A virtual private network (VPN) is defined as the logical channel that allows the sending of data between two computers across an internetwork in a manner that mimics the properties of a dedicated private network. In this lesson, you will learn about VPNs in a routed environment and with the Internet.
After this lesson, you will be able to
Estimated lesson time: 20 minutes
A VPN allows you to send data between two computers across an internetwork in a manner that mimics the properties of a dedicated private network (see Figure 12.11). For example, VPNs allow users working at home or on the road to connect securely to a remote corporate server using the routing infrastructure provided by a public internetwork such as the Internet. From the user's perspective, the VPN is a point-to-point connection between the user's computer and a corporate server. The nature of the intermediate internetwork (hereafter referred to as the transit internetwork) is irrelevant because it appears as if the data is being sent over a dedicated private link.
Figure 12.11 Virtual private network diagram
VPN technology also allows a corporation to connect with its branch offices or with other companies over a public internetwork (such as the Internet) while maintaining secure communications. The VPN connection across the Internet logically operates as a dedicated wide area network (WAN) link.
In both of these cases, the secure connection across the transit internetwork appears to the user as a virtual network interface providing private network communication over a public internetwork, hence the term virtual private network.
Figure 12.12 A VPN tunnel
Tunneling, also known as encapsulation, is a method of using an internetwork infrastructure to transfer a payload (see Figure 12.12). The payload may be the frames (or packets) of another protocol. Instead of sending the frame as produced by the originating node, the frame is encapsulated with an additional header. The additional header provides routing information so that the encapsulated payload can traverse the intermediate internetwork. The encapsulated packets are then routed between tunnel endpoints over the transit internetwork. Once the encapsulated frames reach their destination on the transit internetwork, the frame is de-encapsulated and forwarded to its final destination.
This entire process (the encapsulation and transmission of packets) is known as tunneling. The logical path through which the encapsulated packets travel through the transit internetwork is called a tunnel.
Tunneling can be achieved in one of the following ways:
In some corporate internetworks (see Figure 12.13), the data of a department (such as the Human Resources department) is so sensitive that the department's LAN is physically disconnected from the rest of the corporate internetwork. Although this protects the department's data, it creates information accessibility problems for those users not physically connected to the separate LAN.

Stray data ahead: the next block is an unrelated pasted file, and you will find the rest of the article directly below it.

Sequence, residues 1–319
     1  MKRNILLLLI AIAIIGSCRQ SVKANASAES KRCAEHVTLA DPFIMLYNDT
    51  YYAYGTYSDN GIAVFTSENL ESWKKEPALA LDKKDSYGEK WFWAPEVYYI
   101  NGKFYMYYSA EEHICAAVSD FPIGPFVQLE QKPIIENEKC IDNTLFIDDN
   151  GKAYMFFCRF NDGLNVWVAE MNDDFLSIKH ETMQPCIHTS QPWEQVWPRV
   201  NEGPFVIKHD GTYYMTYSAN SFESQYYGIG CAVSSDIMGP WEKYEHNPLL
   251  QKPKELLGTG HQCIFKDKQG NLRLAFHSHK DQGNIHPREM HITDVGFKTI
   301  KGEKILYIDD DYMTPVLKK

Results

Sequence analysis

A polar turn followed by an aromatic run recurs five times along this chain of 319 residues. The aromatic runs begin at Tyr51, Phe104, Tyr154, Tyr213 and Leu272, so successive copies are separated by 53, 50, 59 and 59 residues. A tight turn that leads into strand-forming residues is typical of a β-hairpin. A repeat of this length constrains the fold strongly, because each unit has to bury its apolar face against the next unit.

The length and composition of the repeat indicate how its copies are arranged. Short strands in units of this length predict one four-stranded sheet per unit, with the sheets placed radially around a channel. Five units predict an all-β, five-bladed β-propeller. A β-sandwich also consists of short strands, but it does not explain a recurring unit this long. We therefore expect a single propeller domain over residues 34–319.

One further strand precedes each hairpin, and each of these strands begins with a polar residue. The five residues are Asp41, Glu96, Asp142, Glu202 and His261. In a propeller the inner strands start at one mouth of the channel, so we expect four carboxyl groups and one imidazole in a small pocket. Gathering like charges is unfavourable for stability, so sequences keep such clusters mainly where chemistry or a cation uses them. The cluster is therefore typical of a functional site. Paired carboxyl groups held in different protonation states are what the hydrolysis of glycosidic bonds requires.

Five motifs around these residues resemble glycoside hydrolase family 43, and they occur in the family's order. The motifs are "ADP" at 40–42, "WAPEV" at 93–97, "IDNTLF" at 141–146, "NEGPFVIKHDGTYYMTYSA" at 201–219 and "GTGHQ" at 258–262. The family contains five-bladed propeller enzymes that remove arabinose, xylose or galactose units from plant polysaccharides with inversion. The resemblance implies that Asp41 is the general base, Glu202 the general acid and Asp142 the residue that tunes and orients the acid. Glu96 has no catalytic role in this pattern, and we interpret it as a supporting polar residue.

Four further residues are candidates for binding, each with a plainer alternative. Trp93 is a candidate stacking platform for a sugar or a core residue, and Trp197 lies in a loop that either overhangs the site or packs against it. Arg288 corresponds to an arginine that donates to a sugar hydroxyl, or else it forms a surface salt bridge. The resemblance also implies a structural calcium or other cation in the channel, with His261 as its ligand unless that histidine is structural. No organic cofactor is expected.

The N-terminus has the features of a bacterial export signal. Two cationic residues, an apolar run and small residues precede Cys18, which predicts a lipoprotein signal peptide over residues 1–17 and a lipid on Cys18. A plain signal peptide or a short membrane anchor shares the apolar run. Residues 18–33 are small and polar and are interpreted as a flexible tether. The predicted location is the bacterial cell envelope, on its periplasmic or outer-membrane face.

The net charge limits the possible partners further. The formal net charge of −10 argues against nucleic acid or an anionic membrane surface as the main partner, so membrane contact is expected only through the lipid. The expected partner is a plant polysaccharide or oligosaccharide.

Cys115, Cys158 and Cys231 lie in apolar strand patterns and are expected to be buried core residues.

Figure 12.13 Corporate internetwork
VPNs allow the department's LAN to be physically connected to the corporate internetwork but separated by a VPN server. Note that the VPN server does not act as a router between the corporate internetwork and the department LAN. Users on the corporate internetwork having the appropriate credentials (based on a need-to-know policy within the company) can establish a VPN with the VPN server and gain access to the protected resources of the department. Additionally, all communication across the VPN can be encrypted for data confidentiality. For those users not having proper credentials, the department LAN is essentially hidden from view.
VPN allows users to use their ISP to securely connect to corporate server instead of making toll (or toll-free) calls to the corporate office. Using the connection to the local ISP, a VPN is created between the dial-up user and the corporate VPN server across the Internet (see Figure 12.14).
Figure 12.14 Remote Access over the Internet
To connect a network over the Internet (see Figure 12.15), you have two options:
Figure 12.15 VPN over the Internet
In both cases, the users are not charged based on the distance between the offices because only local physical links are being used.
For VPN connections to be reliably available, the corporate hub router acting as a VPN server must be connected to a local ISP using a dedicated line. The VPN server must be listening 24 hours a day for incoming VPN traffic. Although this is possible with a dial-up connection, it is less reliable because dynamically assigned IP addresses are commonly used and the connection may not be persistent.
In this practice, you will create VPN interfaces on each router.
The Dial-In Credentials dialog box appears. This is the user name the remote router will be dialing in with. The name is grayed because it is the name of the interface you are creating.
When creating a router-to-router tunnel over a public network, filters should be set on the external router interfaces to allow only the tunneled traffic.
Once the router interfaces are created for both routers, you need to exchange the routes using Auto Static Update.
The routes should appear in the dialog box.
The demand-dial tunnel should be initiated and the ping should succeed.
A VPN is created when you send data between two computers across an internetwork in a manner that mimics the properties of a dedicated private network. In this lesson, you learned about VPNs in a routed environment and with the Internet.